Science Museum gift shop offers girls “space princess” tees and other stereotypes

Boston MoS shirts and hats

You know, there are a lot of ways to get girls excited about science, but I don’t think this is one of them:

Boston MoS shirts and hats

What the heck is a space princess??
Photo by Peter Wood (@prwood), May 31, 2012:…

Neither is this:

The Boston Museum of Science’s “Hug-a-saurus” t-shirt–because little girls like their prehistoric beasts sweet and snuggly and sugar and spice…? 
Photo by Peter Wood (@prwood), May 31, 2012:

The fact that a science museum is targeting girls Lego Friends style–by coating the gender-neutral concept of science with sparkly, pink, purple nonsense about princesses and other stereotypically girly traits–is infuriating.

Women are underrepresented in science, technology, engineering and mathematics fields (aka STEM careers), and the reasons have everything to do with gender socialization–not innate intelligence levels or interests. Check out this great infographic for an explanation of the STEM gender divisions:

Girls in STEM

As this infographic explains, when girls are asked to think about their gender–in ways as simple as indicating their sex on a test–they score 20% lower than they otherwise would.

Instead of peppering the gift shop with stereotypes, how about finding or producing merchandise that positions girls as creators, inventors, scientists, engineers–without making it all about gender?

As an example of what this might look like, one woman in who works in a STEM field recently designed a prototype for a proposed Lego set that is girl-centered, but not girly. The set features the woman, Limor Fried, in her workshop, making things–a nice change from depictions of girls and women who want nothing more than to be looked at.

Ladyaya’s workshop, a prototype of a proposed Lego set that positions girls as scientific creators, not stereotypes

Even cooler is the prototype for Roominate. Developed by three women with STEM backgrounds as a way to address the fact that most girls’ toys are dolls and princesses, the Roominate toy consists of “stackable, attachable & customizable miniature room with working circuits” that girls can build themselves.

Positioning girls as princesses restricts the imagination–whereas positioning girls as creators has the potential to inspire and open doors.

So, please, science museums: Don’t place items in your gift shops that present girls as second-class scientists. They shouldn’t be girls first and scientists second. They’re not “space princesses,” and they don’t need to imagine that the ferocious T-Rex liked to snuggle.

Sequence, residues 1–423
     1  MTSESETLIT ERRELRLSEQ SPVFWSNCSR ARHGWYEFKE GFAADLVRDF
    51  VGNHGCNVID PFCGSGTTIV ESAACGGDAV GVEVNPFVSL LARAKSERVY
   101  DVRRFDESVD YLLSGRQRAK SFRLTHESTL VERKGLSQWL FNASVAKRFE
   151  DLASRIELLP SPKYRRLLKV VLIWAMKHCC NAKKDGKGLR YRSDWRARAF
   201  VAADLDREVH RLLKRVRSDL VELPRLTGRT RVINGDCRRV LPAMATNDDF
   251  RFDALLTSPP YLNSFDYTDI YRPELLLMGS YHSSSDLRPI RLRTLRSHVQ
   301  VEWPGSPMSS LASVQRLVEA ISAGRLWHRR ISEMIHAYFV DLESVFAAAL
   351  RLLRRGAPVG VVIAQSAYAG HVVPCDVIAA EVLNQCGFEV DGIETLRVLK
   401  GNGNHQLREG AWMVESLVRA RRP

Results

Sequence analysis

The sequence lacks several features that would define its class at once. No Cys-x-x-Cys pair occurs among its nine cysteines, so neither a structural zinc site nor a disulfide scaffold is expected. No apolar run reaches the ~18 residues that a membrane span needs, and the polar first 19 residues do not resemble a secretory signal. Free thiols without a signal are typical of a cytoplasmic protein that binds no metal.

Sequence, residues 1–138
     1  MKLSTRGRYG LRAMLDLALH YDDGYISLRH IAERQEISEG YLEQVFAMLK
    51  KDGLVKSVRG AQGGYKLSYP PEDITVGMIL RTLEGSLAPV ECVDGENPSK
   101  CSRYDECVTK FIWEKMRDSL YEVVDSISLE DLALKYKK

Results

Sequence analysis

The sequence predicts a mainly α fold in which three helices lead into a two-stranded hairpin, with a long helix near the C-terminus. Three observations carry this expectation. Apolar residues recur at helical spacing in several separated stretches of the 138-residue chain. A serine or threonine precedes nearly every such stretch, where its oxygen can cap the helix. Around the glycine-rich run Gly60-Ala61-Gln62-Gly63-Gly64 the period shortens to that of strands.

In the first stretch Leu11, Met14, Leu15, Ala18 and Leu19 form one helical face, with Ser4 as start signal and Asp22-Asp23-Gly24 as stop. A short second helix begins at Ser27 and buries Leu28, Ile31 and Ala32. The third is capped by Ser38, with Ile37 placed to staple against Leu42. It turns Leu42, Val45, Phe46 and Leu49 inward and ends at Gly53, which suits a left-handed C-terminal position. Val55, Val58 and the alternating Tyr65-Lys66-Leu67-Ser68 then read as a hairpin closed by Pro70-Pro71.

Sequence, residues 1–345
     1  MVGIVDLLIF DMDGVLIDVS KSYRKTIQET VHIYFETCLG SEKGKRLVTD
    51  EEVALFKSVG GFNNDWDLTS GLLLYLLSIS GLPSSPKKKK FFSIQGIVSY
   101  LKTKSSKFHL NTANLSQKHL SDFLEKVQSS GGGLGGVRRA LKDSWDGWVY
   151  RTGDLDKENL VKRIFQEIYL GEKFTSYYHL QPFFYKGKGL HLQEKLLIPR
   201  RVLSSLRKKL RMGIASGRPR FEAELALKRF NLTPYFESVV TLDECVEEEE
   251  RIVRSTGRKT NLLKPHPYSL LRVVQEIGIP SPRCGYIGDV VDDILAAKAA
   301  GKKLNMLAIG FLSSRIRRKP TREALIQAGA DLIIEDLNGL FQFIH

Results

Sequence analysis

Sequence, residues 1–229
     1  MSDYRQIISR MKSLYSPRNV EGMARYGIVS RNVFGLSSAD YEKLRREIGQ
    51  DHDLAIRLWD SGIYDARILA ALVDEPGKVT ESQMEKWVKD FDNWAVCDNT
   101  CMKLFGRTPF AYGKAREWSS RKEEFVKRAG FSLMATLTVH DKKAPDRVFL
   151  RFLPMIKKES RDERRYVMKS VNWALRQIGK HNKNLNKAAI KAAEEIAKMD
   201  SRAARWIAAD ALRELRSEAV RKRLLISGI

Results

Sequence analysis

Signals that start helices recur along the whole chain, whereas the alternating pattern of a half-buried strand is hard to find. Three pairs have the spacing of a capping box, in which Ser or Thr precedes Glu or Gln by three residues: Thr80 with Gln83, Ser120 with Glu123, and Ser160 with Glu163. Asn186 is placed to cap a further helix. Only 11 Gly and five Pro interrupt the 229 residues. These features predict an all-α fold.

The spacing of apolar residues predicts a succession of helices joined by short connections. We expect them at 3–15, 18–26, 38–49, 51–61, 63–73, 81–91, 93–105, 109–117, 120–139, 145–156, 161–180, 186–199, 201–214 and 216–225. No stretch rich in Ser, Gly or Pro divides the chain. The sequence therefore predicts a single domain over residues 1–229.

Treat girls like people, not stereotypes, and you’ll better support their burgeoning scientific interests.

20 Comments on “Science Museum gift shop offers girls “space princess” tees and other stereotypes

  1. So the only way a girl can be interested in space is if she’s the “princess” of it? *FACEPALM*

    I have a science degree, and one of the things that sticks out most in my mind when I started pursuing it was not the level of men saying “you can’t do this,” but actually a highly intelligent female friend who stated to me, “you’re changing your major to science? That’s going to be really hard for you.” Needless to say it pissed me off to no end, and while I may not have been the most enthusiastic or best science student in HS (Rebecca…I think you were my lab partner in honors bio?) I worked my butt off in college and graduated magna cum laude.

    However I do think my field of science (Environmental Science) was more gender balanced than what’s perceived to be the more “hard-core” sciences/STEM programs (Physics, Chemistry, Engineering).

  2. Ok, so much in this particular article resonated with me!!

    I grew up LOVING dinosaurs and matchbox cars. I still love certain dinosaurs (triceratops and stegasaurous being particular favorites) and was fairly precocious when I was younger in being able to point out which dinosaur was which. I had a few matchbox cars, a particular favorite (which I still had around even through High School) was a bright blue jaguar with doors that opened up. I guess in the late 70’s-early 80’s they weren’t yet making the more snuggly dinos?

    As for the math/science, that was a whammy that hit me in 4th grade. I was very good at math until then, not as advanced as my friend who also skipped 3rd grade with me in our Montessori school, but still, I was doing 4th and 5th grade math…until I switched schools. I went to a private school for one year and was in the 4th grade (long story cut short: this school began Middle School in 5th grade and socially my parents didn’t think I was ready for that). I was in the higher level math class and kept on getting my answers marked wrong because I didn’t do the math problems the exact same way the teacher did. I did them as I was taught — I got the right answers, just skipped a step or two that she would write out. Because of that, I nearly failed that class — I got in trouble for not doing my problems right and had to stay for detention a few times to write out ‘I will get my failed tests signed by my parents’ 100 times. The school then stuck me in an ‘easier’ math class and there began my issues with math. From that point on, I began struggling with it to the point where, starting in 6th grade and going through High School, I needed a tutor in order to understand what was being taught.